When you buy a gleaming, new personal computer, the first thing you want to do is to try out its cool new features and make it your own. You want to savor how quickly it starts up and runs, and arrange the desktop icons to suit your tastes and habits.
But as I rediscovered recently, often what you’re forced to do instead is to spend hours as a digital maintenance man wading through annoying and confusing chores.
I have set up many computers over the years, so I wasn’t shocked that the out-of-box experience was less than ideal. Still, I was struck by just how irritating it was to get going with the new Sony Vaio SZ laptop I bought about 10 days ago. It was the first new Windows machine I’d bought in a few years, because I had been waiting for Microsoft’s new Windows Vista operating system. I was amazed that the initial experience is still a big hassle.
I’m not even referring to the most time-consuming setup processes — transferring all your files and settings, reinstalling your favorite programs and learning the new features. Vista has actually made moving files and settings easier, and it isn’t different enough from Windows XP to make for a steep learning curve.
Instead, I’m talking about two main problems. One is the plethora of teaser software and advertisements for products that must be cleared and uninstalled to make way for your own stuff. The second is the confusing welter of security programs you have to master and update, even on a virgin machine.
I’m also referring to how slowly a new Windows Vista machine starts and restarts, even if you haven’t yet loaded or launched any of your own software.
I am not singling out Sony here. I would have had a similar experience if I had chosen, say, a Hewlett-Packard laptop. Most major PC makers feature the security programs and trial software and offers I encountered on my new Sony. They are not part of Vista itself.
The problem is a lack of respect for the consumer. The manufacturers don’t act as if the computer belongs to you. They act as if it is a billboard for restricted trial versions of software and ads for Web sites and services that they can sell to third-party companies who want you to buy these products.
I’m distinguishing these programs, sometimes called “craplets,” from the full-featured, built-in Sony software meant to enhance the computer, or from entire, useful programs Microsoft builds into Windows, such as music and photo organizers.
On my new Sony, there were two dozen trial programs and free offers. The desktop alone contained four icons representing come-ons for various America Online services, and two for Microsoft. The start menu and program menu had more items that I neither chose nor wanted. Napster, a music service I don’t use, was lodged at the lower right of the screen.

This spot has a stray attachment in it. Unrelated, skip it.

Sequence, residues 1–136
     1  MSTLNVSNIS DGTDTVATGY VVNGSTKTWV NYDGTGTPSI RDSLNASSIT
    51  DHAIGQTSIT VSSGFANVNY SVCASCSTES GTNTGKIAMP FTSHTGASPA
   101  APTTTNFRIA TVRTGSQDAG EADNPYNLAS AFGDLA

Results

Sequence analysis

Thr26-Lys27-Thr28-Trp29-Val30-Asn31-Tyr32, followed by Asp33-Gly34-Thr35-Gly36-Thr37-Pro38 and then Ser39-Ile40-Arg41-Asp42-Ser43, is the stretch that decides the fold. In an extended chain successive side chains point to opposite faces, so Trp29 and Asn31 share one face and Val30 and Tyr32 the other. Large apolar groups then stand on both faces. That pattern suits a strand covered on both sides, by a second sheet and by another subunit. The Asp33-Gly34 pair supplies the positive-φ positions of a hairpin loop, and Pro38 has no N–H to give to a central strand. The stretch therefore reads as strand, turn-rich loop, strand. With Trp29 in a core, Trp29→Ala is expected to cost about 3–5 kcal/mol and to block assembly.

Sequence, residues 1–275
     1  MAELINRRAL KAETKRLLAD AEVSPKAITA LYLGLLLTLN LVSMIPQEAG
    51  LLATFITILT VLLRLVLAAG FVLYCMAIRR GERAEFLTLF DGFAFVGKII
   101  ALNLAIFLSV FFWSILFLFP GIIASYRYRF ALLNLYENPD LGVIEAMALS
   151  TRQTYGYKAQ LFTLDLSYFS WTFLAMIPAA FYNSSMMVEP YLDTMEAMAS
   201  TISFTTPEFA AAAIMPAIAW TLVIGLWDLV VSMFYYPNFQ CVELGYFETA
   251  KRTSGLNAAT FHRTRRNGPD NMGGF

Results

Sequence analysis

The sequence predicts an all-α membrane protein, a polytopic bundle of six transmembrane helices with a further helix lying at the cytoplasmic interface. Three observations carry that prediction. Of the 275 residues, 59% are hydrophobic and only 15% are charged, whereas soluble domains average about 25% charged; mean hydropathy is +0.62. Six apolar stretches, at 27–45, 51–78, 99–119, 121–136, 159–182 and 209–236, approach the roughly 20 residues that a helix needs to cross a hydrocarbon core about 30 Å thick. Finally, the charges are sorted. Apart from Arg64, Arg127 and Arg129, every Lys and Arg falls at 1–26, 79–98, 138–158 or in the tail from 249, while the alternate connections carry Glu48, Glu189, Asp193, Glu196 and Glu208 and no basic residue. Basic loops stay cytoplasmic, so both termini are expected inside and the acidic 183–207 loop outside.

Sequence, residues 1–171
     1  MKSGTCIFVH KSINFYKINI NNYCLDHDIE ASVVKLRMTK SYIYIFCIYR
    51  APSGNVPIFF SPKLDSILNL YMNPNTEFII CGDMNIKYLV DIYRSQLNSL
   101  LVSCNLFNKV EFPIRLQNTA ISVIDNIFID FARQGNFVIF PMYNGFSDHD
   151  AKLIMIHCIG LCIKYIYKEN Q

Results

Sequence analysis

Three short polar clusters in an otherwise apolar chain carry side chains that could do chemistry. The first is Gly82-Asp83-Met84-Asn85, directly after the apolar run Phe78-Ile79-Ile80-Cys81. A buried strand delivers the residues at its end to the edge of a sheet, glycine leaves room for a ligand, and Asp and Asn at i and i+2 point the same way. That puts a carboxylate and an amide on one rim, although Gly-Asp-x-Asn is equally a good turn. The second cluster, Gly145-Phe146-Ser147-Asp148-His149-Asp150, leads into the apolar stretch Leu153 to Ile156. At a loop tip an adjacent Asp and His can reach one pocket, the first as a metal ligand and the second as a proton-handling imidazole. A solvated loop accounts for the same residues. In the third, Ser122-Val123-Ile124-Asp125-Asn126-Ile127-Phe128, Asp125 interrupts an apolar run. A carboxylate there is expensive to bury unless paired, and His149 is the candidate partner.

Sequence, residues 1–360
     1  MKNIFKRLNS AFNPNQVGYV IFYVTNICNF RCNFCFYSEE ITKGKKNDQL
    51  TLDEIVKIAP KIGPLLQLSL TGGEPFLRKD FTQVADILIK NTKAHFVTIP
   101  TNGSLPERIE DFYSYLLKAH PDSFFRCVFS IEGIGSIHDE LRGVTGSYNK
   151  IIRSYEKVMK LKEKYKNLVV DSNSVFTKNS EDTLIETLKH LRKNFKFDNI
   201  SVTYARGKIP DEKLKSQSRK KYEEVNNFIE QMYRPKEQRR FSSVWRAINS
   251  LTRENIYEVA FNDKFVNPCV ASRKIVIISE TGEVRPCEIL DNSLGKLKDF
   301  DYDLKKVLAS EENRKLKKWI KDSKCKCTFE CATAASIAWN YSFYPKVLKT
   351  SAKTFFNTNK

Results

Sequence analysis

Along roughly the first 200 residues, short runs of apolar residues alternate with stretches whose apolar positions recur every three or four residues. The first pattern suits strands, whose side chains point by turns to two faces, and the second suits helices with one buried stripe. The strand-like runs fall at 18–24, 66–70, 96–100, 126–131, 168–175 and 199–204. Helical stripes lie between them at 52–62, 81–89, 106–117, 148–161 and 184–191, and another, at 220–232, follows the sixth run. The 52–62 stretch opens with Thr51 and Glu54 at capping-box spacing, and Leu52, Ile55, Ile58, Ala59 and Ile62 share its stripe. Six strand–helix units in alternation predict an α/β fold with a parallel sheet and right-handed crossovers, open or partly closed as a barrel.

The worst was a desktop icon called “Watch Hit Movies Now!” This turned out to be four full-length films from Sony’s movie studios, which the company had preloaded onto my computer at the cost of more than four gigabytes of precious hard-disk space. But they aren’t a gift. If you want to play them, you have to pay Sony.
Then there was the security-software mess. I signed up for a 60-day free trial of Symantec software that Sony offered. This required multiple rounds of scary warnings, scans and updates — on the first day of using a new machine. Plus, when I tried to use a feature that stopped some unwanted programs from loading, I was forced to launch a second, somewhat redundant, security program from Microsoft.
On top of this, Sony informed me it had 21 different software updates available for my brand new laptop.
I also was shocked at how long this machine took to restart and to do a cold start after being completely shut down. Restarting took over three minutes, and a cold start took more than two minutes. That suggests the computer is loading a bunch of stuff I neither know about nor want. By contrast, a brand new Apple MacBook laptop, under the same test conditions, restarted in 34 seconds and did a cold start in 29 seconds.
I asked Sony about all this, and the company, while acknowledging it is paid to bundle the trial programs, said the programs are carefully selected and “provide benefits to many consumers,” up to 30% of whom act on the offers. Sony said the preloaded movies are “a key differentiator for our products in the marketplace, which we have found that many VAIO customers greatly appreciate.”
Sony also said the boot-up times I recorded are “not at all uncommon with Vista-loaded PCs” and are faster than on some competing computer brands. It defended the 21 updates on the grounds that Vista is so new that, in many cases, compatible software wasn’t available when the computer shipped.
Still, I wish computer makers would stop loading all these trial programs and offers on computers and that security precautions could be much less disruptive and more automatic. The first day of owning an expensive new gadget should be a pleasure, not a hassle.